• Cybercrime
  • Bribery and Corruption
  • Terrorist Financing
  • Tax Evasion
  • Embezzlement 
  • Information Security 

Who Carries out Financial Crime?

When thinking about financial crime, you could be forgiven for conjuring up images of somebody illegally entering your home or even being accosted in the street. The reality, however, is entirely different.

question mark covering someones identity

Financial crime can be performed by well-respected individuals embedded in society, who perform the act from the comfort of their own office or home. There are several different categories of people who carry out financial crime, including:

  • Employees: These crimes are typically performed by those who have access to systems and protocols with a view to stealing funds or intellectual property from their employers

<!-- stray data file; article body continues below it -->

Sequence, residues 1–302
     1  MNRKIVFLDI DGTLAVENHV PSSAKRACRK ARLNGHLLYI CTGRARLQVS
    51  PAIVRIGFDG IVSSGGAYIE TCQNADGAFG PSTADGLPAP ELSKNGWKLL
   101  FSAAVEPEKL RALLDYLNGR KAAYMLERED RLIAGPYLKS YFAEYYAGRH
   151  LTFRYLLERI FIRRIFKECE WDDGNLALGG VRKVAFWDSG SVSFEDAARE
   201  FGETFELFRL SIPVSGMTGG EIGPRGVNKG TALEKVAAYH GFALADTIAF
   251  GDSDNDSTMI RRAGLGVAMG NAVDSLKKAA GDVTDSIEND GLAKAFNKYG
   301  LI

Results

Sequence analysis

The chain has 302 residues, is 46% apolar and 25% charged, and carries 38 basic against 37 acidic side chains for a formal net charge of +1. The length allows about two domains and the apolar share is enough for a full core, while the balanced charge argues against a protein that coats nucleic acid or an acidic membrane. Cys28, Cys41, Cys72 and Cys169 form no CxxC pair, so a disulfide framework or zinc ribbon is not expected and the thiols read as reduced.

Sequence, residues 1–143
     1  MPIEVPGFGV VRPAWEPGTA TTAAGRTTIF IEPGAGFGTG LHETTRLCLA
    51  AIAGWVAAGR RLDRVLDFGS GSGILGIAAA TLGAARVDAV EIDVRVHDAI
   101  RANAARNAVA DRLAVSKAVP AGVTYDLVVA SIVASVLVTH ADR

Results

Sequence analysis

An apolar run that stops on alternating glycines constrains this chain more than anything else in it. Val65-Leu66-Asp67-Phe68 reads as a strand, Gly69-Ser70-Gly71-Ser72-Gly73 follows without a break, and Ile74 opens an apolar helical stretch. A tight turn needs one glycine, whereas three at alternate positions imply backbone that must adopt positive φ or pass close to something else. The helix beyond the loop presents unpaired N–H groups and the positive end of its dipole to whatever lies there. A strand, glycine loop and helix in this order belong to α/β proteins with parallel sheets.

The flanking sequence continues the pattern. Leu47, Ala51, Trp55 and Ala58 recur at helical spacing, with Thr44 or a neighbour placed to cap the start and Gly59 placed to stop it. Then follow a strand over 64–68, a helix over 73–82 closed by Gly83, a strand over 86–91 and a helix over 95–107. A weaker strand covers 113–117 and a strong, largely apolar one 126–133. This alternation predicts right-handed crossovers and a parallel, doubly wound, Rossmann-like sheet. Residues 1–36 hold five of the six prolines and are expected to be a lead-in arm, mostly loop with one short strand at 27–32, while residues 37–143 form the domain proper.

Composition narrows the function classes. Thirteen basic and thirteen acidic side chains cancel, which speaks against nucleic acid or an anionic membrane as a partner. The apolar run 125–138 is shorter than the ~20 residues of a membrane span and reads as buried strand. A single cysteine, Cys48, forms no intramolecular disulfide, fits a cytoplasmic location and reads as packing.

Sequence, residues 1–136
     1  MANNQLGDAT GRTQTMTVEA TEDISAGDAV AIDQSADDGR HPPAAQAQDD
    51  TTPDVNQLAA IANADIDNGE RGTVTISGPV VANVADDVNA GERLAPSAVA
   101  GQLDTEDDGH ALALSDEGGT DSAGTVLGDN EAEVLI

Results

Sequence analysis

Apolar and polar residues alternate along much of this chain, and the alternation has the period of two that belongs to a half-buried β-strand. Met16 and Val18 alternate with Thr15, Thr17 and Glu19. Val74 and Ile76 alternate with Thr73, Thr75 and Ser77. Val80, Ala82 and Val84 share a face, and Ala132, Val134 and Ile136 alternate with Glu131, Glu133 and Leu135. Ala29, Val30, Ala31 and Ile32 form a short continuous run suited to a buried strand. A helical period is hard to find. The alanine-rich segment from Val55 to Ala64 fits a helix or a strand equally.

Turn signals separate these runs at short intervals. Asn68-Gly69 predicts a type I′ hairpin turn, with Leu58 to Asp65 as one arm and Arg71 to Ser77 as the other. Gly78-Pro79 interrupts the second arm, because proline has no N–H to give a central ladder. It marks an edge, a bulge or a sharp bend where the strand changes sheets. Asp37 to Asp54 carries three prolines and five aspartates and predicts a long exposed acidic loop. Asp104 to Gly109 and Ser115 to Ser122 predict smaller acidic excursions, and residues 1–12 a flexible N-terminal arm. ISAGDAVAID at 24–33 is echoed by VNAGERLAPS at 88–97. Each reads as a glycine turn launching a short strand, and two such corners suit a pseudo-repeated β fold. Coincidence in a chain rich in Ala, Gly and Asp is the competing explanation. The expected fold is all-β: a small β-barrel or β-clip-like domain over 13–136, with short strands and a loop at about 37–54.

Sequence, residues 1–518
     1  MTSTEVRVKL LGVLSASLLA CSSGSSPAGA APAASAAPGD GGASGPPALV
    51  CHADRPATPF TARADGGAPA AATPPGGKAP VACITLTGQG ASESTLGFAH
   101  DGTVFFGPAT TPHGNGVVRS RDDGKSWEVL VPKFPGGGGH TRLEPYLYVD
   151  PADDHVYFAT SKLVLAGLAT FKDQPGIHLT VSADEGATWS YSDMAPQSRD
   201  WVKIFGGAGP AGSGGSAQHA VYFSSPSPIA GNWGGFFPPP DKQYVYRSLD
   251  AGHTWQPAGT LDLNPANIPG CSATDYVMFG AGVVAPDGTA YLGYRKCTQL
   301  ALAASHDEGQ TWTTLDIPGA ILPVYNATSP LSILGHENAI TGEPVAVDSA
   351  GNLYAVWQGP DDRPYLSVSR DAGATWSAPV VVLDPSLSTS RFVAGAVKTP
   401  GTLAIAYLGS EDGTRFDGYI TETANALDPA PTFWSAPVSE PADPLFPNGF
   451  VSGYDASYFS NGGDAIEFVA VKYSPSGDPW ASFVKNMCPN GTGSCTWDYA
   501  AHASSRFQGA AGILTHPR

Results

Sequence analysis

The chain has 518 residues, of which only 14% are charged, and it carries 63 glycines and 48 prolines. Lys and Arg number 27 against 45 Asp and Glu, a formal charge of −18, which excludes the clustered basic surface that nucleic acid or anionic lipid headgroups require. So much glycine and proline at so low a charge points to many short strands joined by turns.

• Business Owners or Leaders: This involves senior executives misreporting or manipulating financial data to misrepresent their company’s financial position
  • Customers and Suppliers: Covers fraud carried out by third parties with no internal connection to the business
  • External Fraudsters Colluding with Employees: This involves external third parties working with employees of the firm to try and benefit from the employee’s insider knowledge
  • Organised Criminals: Where large-scale financial crime is carried out by organised syndicates 
  • Corrupt Heads of State: Situations where heads of state will use their power and influence to commit fraud for their own benefit or of their associates

How to Report a Financial Crime